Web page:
Active-duty soldiers and airmen receive paid sick leave in the service, which is vital for physical, mental, and emotional health. The Soldier may use up to three days of sick leave for minor illnesses such as colds, flu, and upset stomachs. Paid sick leave may be used concurrently with any other paid leave time the Soldier is entitled to receive in accordance with applicable state and federal laws.
30 days vacation
Sick leave and annual leave earned as a Soldier or as an Officer may be used as vacation (vacation leave). Vacation hours earned as a soldier may be used for any purpose the Soldier desires, except those military obligations that require immediate retention on active duty, such as training at the Military Occupational Specialty course for a Soldier in a combat arms MOS. Vacation hours earned as an officer cannot be carried over to the next calendar year.
The Army EOD (MOS 89D) is eligible for Tuition Assistance (T.A.) to help pay for college courses. To qualify, the Soldier must be enrolled in a degree or certificate program at a qualifying institution. The tuition assistance courses must lead to an associate’s or bachelor’s degree or another credential such as a vocational certificate that will make the Soldier more valuable to the Army and U.S. society in general or improve the Soldier’s performance of his or her duty assignments.
Low-cost life insurance
The Army EOD (MOS 89D) is eligible for low-cost term life insurance. The insurance protects dependents in the event of death from an active duty military service member or from civilian accidents upon their deaths.
5 career opportunities associated with MOS 89D are:
Ordnance Handling Experts
Ordnance Handling Experts, better known as ordnance disposal specialists, are responsible for the removal of all types of unexploded ammunition, identifying, capturing, rendering safe, recovering, and disposing of hazardous explosive material. They use a variety of sophisticated equipment to locate and contain explosives that have been misfired or otherwise abandoned. It’s one of the most dangerous jobs that an individual can have. Technicians are usually deployed in two-man teams to mitigate risk.”
After being formally trained, these technicians are deployed to combat zones where they can quickly diffuse war-torn stores of explosives. Alternatively, they might be assigned to more peaceful areas where their services are needed for things like airplane crash recovery or unexploded weapons recovery.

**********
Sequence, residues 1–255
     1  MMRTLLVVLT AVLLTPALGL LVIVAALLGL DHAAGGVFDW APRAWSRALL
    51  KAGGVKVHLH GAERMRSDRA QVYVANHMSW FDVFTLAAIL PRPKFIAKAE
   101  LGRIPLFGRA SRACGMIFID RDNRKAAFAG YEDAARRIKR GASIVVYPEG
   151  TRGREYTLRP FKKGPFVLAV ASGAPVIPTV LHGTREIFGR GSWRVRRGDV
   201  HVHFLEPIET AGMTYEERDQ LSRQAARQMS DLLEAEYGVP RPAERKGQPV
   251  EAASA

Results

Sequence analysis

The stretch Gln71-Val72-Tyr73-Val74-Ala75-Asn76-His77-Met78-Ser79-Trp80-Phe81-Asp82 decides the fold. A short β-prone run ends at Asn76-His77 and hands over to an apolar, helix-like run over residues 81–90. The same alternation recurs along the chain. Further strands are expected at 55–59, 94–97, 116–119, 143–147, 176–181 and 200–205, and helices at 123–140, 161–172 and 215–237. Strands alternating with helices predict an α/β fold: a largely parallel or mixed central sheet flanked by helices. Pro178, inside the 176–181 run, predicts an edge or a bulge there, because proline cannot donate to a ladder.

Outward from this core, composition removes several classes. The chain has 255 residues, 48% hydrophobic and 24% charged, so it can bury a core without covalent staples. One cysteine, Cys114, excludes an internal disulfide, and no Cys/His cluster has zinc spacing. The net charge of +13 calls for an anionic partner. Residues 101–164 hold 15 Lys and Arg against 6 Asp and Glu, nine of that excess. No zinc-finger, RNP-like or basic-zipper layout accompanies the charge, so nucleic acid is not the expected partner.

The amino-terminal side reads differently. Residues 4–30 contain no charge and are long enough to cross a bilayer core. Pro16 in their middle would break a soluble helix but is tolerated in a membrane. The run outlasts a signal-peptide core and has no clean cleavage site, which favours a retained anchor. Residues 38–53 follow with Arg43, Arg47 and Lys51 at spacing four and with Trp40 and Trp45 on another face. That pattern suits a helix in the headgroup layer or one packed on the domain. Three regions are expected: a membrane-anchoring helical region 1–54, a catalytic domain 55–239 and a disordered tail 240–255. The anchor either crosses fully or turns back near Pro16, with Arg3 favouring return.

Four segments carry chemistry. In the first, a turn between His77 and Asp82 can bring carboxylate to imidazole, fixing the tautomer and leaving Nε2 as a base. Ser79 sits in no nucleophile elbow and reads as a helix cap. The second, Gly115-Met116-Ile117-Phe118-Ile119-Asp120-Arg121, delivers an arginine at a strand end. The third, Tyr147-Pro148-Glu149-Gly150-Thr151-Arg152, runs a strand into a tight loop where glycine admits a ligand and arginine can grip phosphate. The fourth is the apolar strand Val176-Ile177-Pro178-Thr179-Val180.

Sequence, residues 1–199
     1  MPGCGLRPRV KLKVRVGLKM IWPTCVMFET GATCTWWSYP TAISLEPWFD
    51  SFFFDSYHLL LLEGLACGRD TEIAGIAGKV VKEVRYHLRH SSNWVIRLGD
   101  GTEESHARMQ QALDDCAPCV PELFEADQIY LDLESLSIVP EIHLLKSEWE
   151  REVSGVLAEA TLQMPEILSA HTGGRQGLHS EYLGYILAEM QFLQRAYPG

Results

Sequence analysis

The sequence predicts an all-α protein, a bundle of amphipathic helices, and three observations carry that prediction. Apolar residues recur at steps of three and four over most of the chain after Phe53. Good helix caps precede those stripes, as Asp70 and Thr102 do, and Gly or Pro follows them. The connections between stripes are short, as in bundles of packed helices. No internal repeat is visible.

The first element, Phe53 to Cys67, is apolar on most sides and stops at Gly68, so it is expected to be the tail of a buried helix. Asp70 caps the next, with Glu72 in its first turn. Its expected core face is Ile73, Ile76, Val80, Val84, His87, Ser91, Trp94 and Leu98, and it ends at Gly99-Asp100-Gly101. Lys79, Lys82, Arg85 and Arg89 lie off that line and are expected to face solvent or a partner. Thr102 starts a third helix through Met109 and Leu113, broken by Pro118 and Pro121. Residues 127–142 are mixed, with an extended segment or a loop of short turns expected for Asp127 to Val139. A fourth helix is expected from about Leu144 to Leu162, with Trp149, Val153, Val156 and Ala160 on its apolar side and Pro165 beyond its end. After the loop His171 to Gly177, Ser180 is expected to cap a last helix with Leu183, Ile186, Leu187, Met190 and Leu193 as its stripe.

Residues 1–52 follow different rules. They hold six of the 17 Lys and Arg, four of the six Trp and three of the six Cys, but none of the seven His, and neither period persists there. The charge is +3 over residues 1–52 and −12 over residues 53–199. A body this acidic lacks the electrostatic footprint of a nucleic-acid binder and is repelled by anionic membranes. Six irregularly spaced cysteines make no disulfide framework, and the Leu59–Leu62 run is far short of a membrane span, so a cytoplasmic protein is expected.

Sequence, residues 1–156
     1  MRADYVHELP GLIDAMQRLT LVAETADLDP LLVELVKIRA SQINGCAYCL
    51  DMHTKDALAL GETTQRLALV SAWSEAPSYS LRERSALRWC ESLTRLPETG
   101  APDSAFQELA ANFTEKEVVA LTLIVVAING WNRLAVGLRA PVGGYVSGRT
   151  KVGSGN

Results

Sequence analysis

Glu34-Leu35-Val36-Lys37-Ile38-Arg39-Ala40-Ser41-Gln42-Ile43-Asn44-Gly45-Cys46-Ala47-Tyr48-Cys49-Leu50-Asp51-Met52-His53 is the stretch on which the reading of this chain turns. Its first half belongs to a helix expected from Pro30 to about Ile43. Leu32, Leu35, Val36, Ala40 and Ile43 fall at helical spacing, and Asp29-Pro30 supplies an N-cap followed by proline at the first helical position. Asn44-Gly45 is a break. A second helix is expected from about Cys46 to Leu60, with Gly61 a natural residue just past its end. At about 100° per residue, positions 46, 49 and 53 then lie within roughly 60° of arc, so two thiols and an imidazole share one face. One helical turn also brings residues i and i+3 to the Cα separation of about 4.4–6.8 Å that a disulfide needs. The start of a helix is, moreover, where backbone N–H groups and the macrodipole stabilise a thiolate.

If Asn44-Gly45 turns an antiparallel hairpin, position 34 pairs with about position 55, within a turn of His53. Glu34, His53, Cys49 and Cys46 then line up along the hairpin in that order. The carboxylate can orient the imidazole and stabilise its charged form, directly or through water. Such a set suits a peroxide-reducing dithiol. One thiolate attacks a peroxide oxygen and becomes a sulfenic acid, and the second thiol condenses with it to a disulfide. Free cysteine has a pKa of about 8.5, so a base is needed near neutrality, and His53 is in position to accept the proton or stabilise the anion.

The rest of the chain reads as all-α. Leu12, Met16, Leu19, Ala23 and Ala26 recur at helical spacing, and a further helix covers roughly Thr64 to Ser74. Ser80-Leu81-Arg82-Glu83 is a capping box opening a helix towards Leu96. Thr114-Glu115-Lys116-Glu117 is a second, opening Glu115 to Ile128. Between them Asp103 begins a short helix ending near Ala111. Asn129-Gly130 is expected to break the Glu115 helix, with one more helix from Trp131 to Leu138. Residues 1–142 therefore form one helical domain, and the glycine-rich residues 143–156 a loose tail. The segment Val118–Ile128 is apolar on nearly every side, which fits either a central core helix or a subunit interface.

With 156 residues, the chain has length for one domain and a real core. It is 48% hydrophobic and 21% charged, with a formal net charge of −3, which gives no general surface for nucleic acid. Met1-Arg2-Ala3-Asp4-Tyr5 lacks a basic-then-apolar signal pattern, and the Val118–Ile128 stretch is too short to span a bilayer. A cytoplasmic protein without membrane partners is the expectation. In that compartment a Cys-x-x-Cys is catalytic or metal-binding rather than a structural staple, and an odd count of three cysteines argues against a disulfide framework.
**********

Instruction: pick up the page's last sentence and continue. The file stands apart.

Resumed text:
Hazardous Material Worker
A Hazardous Material Specialist (HMS) is a U.S. Army troop who is trained and equipped to respond to emergencies involving releases of or potential impacts from hazardous material substances. H.M.’s duties include making emergency assessments and taking preventive actions to protect people and the environment from harm due to hazardous materials incidents such as chemical spills, oil/petroleum product leaks, transportation accidents involving hazardous materials, fires involving hazardous materials, and weapons of mass destruction events. When it comes to hazardous materials incidents, these experts are first responders.
Safety specialists are first responders who are tasked with the safety of their area. This includes enforcing safe distances and proper handling of hazardous situations. Provide planning assistance to the EOD detachment for providing input on equipment selection, guidance on challenging missions, pre-mission planning, and providing material assistance to ensure safe access when conducting inspections. Provide instruction on safety procedures that can be used in complex or remote areas with regard to Explosive Ordnance Disposal (EOD) devices. Conduct inspections with appropriate equipment in order to ensure compliance with safety directives pertaining to the safe use of explosives for EOD operations where applicable. Provide EOD support in all areas of operation, especially when it relates to joint or joint task force level operations.
These experts are involved in the repair, maintenance, and troubleshooting of military vehicles, weapons systems, etc. Their job is to ensure that there is minimum downtime for vehicles or equipment that require constant maintenance, repair, or operation. It’s also their duty to ensure the safe operation of vehicles and weapons, so there is no malfunctioning equipment leading to accidents.
Occupational Health Specialist
Occupational Health Specialists are first responders who are tasked with protecting an individual’s health through preventing disease or injuries caused by chemical spills or hazardous environments. This job is very important because it’s the main way to ensure that the individual stays in good health and is able to work.
Summary of MOS 89D
MOS 89D is the Army Code for America for explosive Ordnance Disposal (EOD) technicians. EOD techs work with military explosives to safely dispose of ordnance, weapons, and ammunition left behind by warfighters. They are the only person on the battlefield authorized to destroy these items during combat operations.
What is 89D MOS?
Army Explosive Ordnance Disposal (EOD) Special Operations Soldiers serve as Duty and Operations Specialists who provide their unique skills and expertise in hazardous and potentially dangerous environments. They’re also known as the “canners” — because that’s what they do: carry or dispose of explosives.
Is Army EOD Special Ops?
Yes. The 89D Infantry EOD MOS is a specialty operator course for EOD specialists to provide them with both technical and organizational skills so they can support Explosive Ordnance Disposal (EOD) missions on the battlefield.
Does the Army EOD see combat?
Not all 89D MOS Soldiers are in an actual combat zone at the time of their selection, but all of them will be relied upon to carry out EOD missions in hazardous locations throughout the world. Battlefield-related missions may occur during peacetime, but the majority of Soldiers serving in EOD will deploy to combat zones, where they’ll work with other U.S. military forces.
How difficult is the Army EOD?
The most challenging aspect of the 89D Infantry EOD MOS is the Challenge Selection process. In order to qualify for this MOS, Soldiers will need to meet a specific set of core requirements.